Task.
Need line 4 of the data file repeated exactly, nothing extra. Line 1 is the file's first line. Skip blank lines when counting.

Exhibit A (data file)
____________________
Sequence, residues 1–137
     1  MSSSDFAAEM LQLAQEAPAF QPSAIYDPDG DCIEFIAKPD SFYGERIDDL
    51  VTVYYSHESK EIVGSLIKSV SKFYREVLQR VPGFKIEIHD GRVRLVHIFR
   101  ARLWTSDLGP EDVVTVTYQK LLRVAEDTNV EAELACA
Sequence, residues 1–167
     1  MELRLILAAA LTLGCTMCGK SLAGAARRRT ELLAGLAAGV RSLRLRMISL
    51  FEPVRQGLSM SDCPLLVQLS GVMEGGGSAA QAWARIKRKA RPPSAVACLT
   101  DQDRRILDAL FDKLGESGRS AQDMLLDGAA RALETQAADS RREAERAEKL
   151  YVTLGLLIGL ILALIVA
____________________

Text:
   101  ARLWTSDLGP EDVVTVTYQK LLRVAEDTNV EAELACA